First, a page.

Ricky Gervais is looking back at one joke he regrets making at the 2011 Golden Globe Awards

By Alexia Fernández
January 03, 2020 05:35 PM

Ahead of his fifth — and allegedly final — return as Golden Globes host, Ricky Gervais is looking back at one joke that he says he can’t help but regret.

When asked by The Hollywood Reporter if he ever regretted something he’d said about another person, Gervais responded, “Yeah, Tim Allen.”

The British stand-up comedian, 58, recalled making a joke about Allen, 66, at the 2011 Golden Globe Awards, which Gervais says he regrets now “because I think he took it wrong.”

“The joke was him and Tom Hanks,” Gervais explained. “So I came out and said, ‘Our next two presenters, the first has won five Oscars, combined box office of five billion dollars. And the other, Tim Allen.’ Right? It’s a fine joke. I’m teasing Tim Allen.”

Ricky Gervais; Tim Allen
| Credit: Andrew H. Walker/Getty Images; Michael Bezjian/WireImage

He continued, “But anyone standing next to Tom Hanks, unless it’s Dustin Hoffman or Robert Redford or Robert De Niro, that could be me. But it happened to be Tim Allen. And I have nothing against Tim Allen. He’s a good actor. He’s probably a nice bloke. So even though there’s no malice and I can justify it comedically and everyone laughed, I didn’t want Tim Allen to think, ‘Oh, that was written for me. Why me?’ Well, because you were standing next to Tom Hanks.”

Gervais return to the first awards show of 2020 hasn’t been smooth sailing. The actor and comedian faced backlash on social media for seemingly transphobic tweets he made on Twitter.

He initially responded to a tweet regarding Harry Potter author J.K. Rowling‘s support of a British researcher who was fired after expressing anti-transgender sentiments. (Rowling faced backlash after tweeting her support of Maya Forstater after Forstater lost a court hearing challenging her termination from the Centre for Global Development.)

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The tweet that Gervais replied to contained a link to a satirical article that was written from the “perspective” of a transgender woman.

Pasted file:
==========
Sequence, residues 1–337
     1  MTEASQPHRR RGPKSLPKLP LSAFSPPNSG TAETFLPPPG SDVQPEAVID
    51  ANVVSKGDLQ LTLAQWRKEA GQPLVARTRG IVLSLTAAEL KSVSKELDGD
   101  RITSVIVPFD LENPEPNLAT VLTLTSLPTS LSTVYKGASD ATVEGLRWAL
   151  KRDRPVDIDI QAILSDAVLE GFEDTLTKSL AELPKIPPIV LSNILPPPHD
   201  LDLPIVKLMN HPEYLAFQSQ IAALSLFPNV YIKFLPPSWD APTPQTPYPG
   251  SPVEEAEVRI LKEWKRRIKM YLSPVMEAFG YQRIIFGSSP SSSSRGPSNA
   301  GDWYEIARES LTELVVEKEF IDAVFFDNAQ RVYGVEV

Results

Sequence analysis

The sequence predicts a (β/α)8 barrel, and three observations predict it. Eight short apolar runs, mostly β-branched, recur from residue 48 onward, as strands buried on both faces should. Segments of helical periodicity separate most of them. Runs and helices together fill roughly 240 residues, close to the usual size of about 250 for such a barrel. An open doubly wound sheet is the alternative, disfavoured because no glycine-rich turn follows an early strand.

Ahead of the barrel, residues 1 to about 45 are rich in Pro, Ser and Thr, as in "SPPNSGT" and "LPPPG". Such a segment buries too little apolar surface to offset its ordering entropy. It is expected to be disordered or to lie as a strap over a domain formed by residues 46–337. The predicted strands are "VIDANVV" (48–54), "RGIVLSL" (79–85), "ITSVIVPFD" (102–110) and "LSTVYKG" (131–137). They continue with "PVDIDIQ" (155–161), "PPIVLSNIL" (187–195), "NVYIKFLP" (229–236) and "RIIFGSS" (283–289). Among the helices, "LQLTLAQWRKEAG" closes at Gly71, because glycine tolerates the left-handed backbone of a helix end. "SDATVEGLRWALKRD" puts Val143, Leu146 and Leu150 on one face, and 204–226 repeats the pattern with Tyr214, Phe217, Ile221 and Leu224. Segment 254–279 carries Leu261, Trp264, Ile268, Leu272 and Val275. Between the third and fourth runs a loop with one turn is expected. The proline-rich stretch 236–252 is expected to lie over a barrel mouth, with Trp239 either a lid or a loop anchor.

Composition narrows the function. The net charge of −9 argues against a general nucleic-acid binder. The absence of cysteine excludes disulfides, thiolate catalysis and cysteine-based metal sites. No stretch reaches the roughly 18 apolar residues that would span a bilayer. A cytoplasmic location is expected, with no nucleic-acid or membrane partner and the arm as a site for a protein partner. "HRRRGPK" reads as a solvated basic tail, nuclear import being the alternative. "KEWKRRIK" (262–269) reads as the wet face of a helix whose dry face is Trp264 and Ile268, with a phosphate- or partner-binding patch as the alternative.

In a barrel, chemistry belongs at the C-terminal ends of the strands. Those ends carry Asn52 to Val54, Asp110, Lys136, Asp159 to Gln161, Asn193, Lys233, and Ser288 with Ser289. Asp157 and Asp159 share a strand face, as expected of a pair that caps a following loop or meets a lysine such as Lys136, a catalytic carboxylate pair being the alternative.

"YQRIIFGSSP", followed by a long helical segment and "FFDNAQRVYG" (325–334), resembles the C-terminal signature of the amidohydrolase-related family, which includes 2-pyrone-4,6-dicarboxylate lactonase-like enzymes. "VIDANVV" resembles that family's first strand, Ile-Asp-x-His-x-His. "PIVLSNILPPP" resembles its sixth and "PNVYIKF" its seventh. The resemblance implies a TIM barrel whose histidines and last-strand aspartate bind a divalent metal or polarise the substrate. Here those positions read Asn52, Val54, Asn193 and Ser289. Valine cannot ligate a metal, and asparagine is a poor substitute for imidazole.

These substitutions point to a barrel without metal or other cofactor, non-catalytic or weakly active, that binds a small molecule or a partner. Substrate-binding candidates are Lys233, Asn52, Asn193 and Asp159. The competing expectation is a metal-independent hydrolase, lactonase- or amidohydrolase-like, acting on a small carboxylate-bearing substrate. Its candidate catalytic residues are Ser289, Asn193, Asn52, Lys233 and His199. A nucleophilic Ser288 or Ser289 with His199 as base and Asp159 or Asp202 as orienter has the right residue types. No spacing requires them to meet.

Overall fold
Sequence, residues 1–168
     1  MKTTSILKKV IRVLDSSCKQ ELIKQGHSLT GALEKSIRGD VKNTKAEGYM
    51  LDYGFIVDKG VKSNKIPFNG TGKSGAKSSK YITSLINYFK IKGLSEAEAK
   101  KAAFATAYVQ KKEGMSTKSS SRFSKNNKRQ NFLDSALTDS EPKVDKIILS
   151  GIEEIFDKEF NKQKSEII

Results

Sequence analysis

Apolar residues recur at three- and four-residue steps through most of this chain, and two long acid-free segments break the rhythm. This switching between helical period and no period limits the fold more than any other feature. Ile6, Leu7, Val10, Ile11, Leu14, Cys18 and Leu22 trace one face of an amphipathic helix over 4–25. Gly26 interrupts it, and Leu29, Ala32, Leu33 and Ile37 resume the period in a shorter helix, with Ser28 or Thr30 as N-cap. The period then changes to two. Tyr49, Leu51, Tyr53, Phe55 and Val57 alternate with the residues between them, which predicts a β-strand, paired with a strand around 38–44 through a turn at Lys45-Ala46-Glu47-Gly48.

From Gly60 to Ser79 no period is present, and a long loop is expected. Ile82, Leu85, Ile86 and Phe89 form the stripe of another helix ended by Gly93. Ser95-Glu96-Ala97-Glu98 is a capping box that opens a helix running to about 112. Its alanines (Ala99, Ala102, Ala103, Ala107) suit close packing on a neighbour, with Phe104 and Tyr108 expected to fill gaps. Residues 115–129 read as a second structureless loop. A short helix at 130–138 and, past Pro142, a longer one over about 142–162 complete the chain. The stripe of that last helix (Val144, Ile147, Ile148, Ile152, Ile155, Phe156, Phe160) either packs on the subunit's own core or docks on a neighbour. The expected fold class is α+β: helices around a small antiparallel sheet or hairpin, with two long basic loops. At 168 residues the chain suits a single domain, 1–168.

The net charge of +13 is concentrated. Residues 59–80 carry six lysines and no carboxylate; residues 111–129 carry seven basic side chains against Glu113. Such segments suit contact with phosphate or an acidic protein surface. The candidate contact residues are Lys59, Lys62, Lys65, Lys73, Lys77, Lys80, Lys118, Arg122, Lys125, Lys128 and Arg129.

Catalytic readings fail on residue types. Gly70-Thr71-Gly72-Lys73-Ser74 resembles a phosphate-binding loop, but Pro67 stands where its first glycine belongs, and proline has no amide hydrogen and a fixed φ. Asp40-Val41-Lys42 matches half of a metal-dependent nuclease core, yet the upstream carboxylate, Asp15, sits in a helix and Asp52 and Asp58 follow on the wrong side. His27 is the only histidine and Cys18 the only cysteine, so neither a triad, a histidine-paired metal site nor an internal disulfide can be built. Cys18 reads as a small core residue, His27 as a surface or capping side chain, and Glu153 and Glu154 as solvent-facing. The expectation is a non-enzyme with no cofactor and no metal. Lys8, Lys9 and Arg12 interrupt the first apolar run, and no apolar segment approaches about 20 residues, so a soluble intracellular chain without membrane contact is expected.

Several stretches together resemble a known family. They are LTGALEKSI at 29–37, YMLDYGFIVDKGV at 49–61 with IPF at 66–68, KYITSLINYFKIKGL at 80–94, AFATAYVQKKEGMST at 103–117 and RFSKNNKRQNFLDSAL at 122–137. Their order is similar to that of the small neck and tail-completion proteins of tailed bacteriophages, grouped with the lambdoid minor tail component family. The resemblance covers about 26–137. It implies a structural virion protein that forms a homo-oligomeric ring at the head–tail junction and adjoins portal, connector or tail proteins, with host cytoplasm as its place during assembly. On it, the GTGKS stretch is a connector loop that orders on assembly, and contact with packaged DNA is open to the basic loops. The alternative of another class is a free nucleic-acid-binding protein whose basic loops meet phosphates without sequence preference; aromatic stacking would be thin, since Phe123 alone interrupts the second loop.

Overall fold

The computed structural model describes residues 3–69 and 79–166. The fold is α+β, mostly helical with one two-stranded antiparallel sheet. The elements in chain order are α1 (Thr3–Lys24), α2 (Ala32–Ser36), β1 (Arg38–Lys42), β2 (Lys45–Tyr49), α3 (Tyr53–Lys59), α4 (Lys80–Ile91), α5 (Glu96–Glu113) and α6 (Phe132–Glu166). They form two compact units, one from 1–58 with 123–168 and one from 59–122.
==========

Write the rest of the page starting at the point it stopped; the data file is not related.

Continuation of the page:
“Those awful biological women can never understand what it must be like for you becoming a lovely lady so late in life,” Gervais tweeted. “They take their girly privileges for granted. Winning at female sports and having their own toilets. Well, enough is enough.”

Gervais told THR of how the jokes came to be — and how he felt they were taken in the wrong context.

Ricky Gervais
| Credit: Todd Antony/NBC/NBCU Photo Bank via Getty

“Jarvis Dupont is a spoof Twitter account, and the joke is that he’s so woke that he’s actually gone full circle and does terrible things. And his latest [bit] is, ‘I’m trans now.’ And he gets all that wrong. And I responded by playing along with him, saying, ‘Oh, you’re so much better than biological women because they’ve had a lifetime to get used to it,’” Gervais told the publication.

“Now, people saw my tweet and they thought he’s a real trans person, but I’m taking the piss out of Jarvis Dupont, who is actually a woman in real life. And this is the problem,” he continued. “You can say, ‘Listen, I was joking. It’s a joke.’ But that’s not always enough for people. They go, ‘Well, why were you joking?’ Also, add to that the nature of Twitter — it’s so curt, there’s no nuance, it’s there forever out of context.”

“Deep down, I want people to know I’m not a racist or a homophobe or a sexist,” he added.

In November, it was announced that Gervais would host the upcoming 77th annual Golden Globes, making his fifth time hosting the awards show.

News of Gervais’ casting came after more awards shows have opted to forgo an emcee altogether, starting with the Academy Awards in February of this year. When controversy caused the previously announced Oscars host Kevin Hart to step down, the Academy proceeded with a host-less program.

Gervais — who won a Golden Globe in 2004 for his performance in The Office‘s original U.K. series — previously hosted the show in 2010, 2011, 2012 and 2016. He will now hold the record for the performer who has hosted the Globes the most.

The 77th Annual Golden Globe Awards ceremony will air live on NBC from the Beverly Hilton in Los Angeles on Sunday, Jan. 5 starting at 5 p.m. PT/8 p.m. ET.